Industry Canada new 5GHz band regulations
UPDATE – December 2018:
ISED has updated their radio standards specifications for Wi-Fi equipments operating in the 5GHz frequency band. Check out this article to see what is new:
5GHz Regulations in Canada (2018 Update)
Last year, I have written a blog post entitled “5GHz Band Channel Availability in Canada” explaining what 5GHz channels were available in Canada. This was based on a document from Industry Canada named “RSS-210 – Licence-exempt Radio Apparatus (All Frequency Bands): Category I Equipment” Annex 9 – Local Area Network Devices. If you go visit the Industry Canada‘s website today, you will see that this annex is no longer applicable and has been replaced in May 2015:
So, in this article, it is time for me to update the information provided in my previous blog post and keep things up to date!
The new document covers the new radio standards specifications for the Wi-Fi equipment operating in all the 5GHz frequency bands:
– UNII1 (5150-5250MHz)
– UNII2 (5250-5350MHz)
– UNII2-Extended (5470-5600MHz and 5650-5725MHz)
– UNII3 (5725-5850MHz)
Here are the updated radio standards specifications:
As you can see, nothing much changed from the last standards. Basically, the channel availability and the output powers were kept unchanged.
So what has changed? According to me, two important regulations were added. They are detailed below.
TCP Implementation (UNII2 & UNII2-Extended)
Transmitter Power Control or TPC is a feature that enables a Wi-Fi device to dynamically switch between several transmission power levels in the transmission process. This is mainly used to reduce interference if another device is transmitting on the same frequency.
For Wi-Fi devices operating the UNII2 and UNII2-Extended, Industry Canada states that “devices with a maximum e.i.r.p. greater than 500mW shall implement TPC in order to have the capability to operate at least 6dB below the maximum permitted e.i.r.p. of 1W“. This information can be important to keep in mind while designing a WLAN.
Higher e.i.r.p. allowed for Point-to-Point devices (UNII3 & ISM)
Concerning the UNII3 & ISM bands (5725-5850MHz), the conducted output power shall not exceed 1W. If directional antennas are used with a gain greater than 6dBi, the maximum conducted output power shall be reduced by the amount in dB that the directional gain of the antenna exceeds 6dBi. So basically the maximum e.i.r.p. will never exceed 4W and if the gain of the antenna is greater than 6dBi, the output power will be adjusted accordingly.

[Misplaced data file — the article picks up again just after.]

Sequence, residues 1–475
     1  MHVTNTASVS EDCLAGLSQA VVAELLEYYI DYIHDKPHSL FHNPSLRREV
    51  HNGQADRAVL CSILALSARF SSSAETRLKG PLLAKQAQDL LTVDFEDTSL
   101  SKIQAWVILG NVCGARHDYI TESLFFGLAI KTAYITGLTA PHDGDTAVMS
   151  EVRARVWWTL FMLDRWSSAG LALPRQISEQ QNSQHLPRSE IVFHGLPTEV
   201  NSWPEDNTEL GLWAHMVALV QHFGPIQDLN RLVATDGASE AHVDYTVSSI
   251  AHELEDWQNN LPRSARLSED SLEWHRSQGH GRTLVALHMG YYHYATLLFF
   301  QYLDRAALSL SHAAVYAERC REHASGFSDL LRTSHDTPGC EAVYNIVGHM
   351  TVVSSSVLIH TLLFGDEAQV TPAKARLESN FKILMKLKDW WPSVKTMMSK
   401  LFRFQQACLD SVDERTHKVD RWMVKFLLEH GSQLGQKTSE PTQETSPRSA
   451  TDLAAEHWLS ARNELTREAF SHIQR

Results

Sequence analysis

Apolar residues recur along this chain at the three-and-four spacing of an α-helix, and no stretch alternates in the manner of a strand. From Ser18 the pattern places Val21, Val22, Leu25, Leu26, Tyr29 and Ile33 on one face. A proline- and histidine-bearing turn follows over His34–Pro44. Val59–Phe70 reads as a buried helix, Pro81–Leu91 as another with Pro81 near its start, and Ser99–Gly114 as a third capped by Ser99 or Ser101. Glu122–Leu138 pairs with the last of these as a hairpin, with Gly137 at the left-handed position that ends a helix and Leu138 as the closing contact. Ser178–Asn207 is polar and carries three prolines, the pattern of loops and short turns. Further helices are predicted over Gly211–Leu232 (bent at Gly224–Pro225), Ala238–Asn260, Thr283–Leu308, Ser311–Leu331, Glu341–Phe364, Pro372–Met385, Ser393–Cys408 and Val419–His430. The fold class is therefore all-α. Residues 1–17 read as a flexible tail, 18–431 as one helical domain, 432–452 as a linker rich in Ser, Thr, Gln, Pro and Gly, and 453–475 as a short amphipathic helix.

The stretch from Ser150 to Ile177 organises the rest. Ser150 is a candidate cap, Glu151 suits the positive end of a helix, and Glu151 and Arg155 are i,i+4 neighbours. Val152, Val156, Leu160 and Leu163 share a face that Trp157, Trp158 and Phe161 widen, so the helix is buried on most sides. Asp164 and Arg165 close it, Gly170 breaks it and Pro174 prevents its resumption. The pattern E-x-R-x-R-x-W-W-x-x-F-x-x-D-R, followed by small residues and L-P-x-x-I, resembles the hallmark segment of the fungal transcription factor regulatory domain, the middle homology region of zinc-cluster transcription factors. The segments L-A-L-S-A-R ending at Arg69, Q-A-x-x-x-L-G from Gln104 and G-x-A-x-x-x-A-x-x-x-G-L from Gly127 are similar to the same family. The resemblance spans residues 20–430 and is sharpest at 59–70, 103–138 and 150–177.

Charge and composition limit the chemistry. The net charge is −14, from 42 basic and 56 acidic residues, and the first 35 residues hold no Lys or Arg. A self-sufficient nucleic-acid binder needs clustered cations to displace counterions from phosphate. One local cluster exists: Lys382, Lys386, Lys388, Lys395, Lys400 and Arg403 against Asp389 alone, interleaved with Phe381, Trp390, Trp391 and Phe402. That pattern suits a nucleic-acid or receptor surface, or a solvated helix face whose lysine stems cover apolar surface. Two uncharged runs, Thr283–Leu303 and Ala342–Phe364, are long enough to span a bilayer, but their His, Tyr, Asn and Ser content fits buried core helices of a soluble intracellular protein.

However the standards stats that “fixed point-to-point devices operating in this band may employ transmitting antennas with directional gain greater than 6dBi without any corresponding reduction in transmitter conducted power“.
Here is an example to explain this regulation:
So, on the left part of the drawing, we are using an antenna gain of 9dBi; which is 3dBi greater than 6dBi. If we were to use the maximum conducted power possible (i.e. 1W), the total e.i.r.p. would be: 30dBm (1W) + 9dBi = 39dBm (8W). 8W is over the maximum allowed (4W). So in order to stay under the regulations, we need to lower the conducted power by the number of the antenna gain dB greater than 6 (in our case 9-6 = 3dB). So the new conducted power would be: 30dBm (1W) – 3dB = 27dBm (500mW).
If we use a conducted power of 500mW we will have the following e.i.r.p.: 27dBm (500mW) + 9dBi = 36dBm (4W). This complies with the regulations!
On the right part of the drawing, we are setting up a point-to-point bridge link with an antenna gain of 13dBi; which is also greater than 6dBi. Even though the e.i.r.p. exceed 4W, we are still allowed to use a maximum conducted power of 1W.
If you are installing Wi-Fi on the 5GHz band in Canada, I would invite you to read the full official document from Industry Canada named “RSS-247 Digital Transmission Systems (DTSs), Frequency Hopping Systems (FHSs) and Licence-Exempt Local Area Network (LE-LAN) Devices“. The section #6 details the regulations concerning Wi-Fi devices.
I hope this information will be useful for some of you.
Written by François Vergès